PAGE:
Unlocking the potential of brownfield land
15.08.23 4 min read
We know that successful urban centres lead to wider economic growth for the long term. However, to create more economically active places, we need to create more sustainable and desirable communities in our region, where people want to actively work, live and spend their time.
The redevelopment of brownfield sites is key to this. With many parts of the UK having rich industrial pasts, there are unique opportunities across the country to reimagine our cities and towns for future generations.
Brownfield sites come with their own set of unique challenges, requiring those with specialist skills, long-term vision, and a track record of experience to make sure they realise their potential. However, for those who are willing to take on the challenge, they also create an even bigger opportunity to deliver community-focused places, with a clear view to the future.
It is a challenge that we have risen to over the past 40 years in our position as a nationwide placemaker, focusing on community, quality and sustainability.
Blending heritage with future aspirations
Many of our places are on brownfield sites in central locations that have previously been underutilised or been in decline in the decades since the end of the manufacturing age. By working to understand the need in each individual place, while at the same time blending the heritage of these places with their future aspirations, we are delivering projects that bring together green spaces, homes, businesses and infrastructure, to encourage people back to an area to live, work and socialise.
Delivering complex, area-wide programmes of regeneration that meet the needs of local communities is not always easy on these sites. It is well known that brownfield land itself can be poor quality or contaminated, leading to significant remediation works.
However, it goes beyond the land itself. Many sites were previously used for industrial purposes and were never designed from a human perspective. Many more were built before placemaking was a true consideration of architecture and design. And, often, the sites push up against critical infrastructure, such as rail, road and waterways, which are difficult to move and highly complex to develop around.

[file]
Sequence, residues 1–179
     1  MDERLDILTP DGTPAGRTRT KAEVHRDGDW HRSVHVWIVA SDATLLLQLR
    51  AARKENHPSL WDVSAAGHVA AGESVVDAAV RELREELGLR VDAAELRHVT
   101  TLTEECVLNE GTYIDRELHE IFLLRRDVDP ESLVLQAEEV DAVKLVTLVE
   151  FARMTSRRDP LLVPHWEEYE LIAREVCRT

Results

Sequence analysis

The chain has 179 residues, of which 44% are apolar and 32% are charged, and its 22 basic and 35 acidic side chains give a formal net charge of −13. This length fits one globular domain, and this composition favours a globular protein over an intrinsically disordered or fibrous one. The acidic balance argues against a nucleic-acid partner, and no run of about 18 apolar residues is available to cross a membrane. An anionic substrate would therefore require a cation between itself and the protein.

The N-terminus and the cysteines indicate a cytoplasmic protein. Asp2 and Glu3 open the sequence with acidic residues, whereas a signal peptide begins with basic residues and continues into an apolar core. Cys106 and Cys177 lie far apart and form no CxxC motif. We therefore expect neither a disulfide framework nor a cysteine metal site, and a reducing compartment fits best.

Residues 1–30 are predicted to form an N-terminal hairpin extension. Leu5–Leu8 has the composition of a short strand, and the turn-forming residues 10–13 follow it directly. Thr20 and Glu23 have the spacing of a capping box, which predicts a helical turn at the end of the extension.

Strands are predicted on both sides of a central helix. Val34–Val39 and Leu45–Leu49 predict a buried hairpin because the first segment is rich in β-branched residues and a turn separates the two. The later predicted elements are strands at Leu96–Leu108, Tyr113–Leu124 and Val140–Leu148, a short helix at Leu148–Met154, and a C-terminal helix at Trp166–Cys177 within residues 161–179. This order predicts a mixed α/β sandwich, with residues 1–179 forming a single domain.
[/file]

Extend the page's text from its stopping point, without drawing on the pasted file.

They are challenges that need a collaborative long-term approach to solve, an approach that we have adopted in the successful delivery of the £1bn, 50-acre Salford Central masterplan, which was delivered in our joint venture with Homes England and Legal & General, The English Cities Fund (ECF).
The aim was to create a new self-sustaining destination for the city of Salford, which led to two distinct component parts – the first being a bustling commercial district, known as New Bailey, and the second being Chapel Street, which is now a thriving residential neighbourhood. The Salford Central transformation had to address many challenges, which included its position next to the River Irwell, which placed significant constraints on what was feasible.
However, it also offered a unique opportunity to create an ambitious, long-term vision for the area. The intervention of ECF acted as a vital step for driving this project forward, coupled with Salford City Council’s progressive vision for the area’s renaissance. For over 17 years we have led the transformation of this industrial, underutilised space that was a surface car park, low-grade offices and ultimately a net drain in the local economy into a world class community of workspaces, businesses and over 1,000 new homes.
Reimagining the future
It’s this opportunity to reimagine a new future for these spaces that makes brownfield development so exciting. It is something that we are working in partnership with the council to deliver in Rotherham, where we are developing Forge Island, a new retail and leisure destination in the heart of Rotherham town centre and on the banks of the River Don.
The development will open up the river to the community through the creation of new footpaths and green spaces, after being previously impermeable due to the site’s layout in its previous life as a steel foundry. Importantly though, it is creating a new destination by offering something new in the town, rather than drawing people away from existing amenities. This includes the creation of a new cinema on the site, the first in the town for thirty years, creating a new leisure destination and bringing this industrial site to life for a new generation.
Forge Island, Rotherham
Brownfield development needs a long-term view and an ambitious vision if it is to be successful, especially in large, mixed-use schemes. But, regardless of the challenges, these sites across Yorkshire offer the greatest opportunities to create world-class spaces for future generations, which, when approached correctly and with the right experience, can breathe new life into the spaces we call home.
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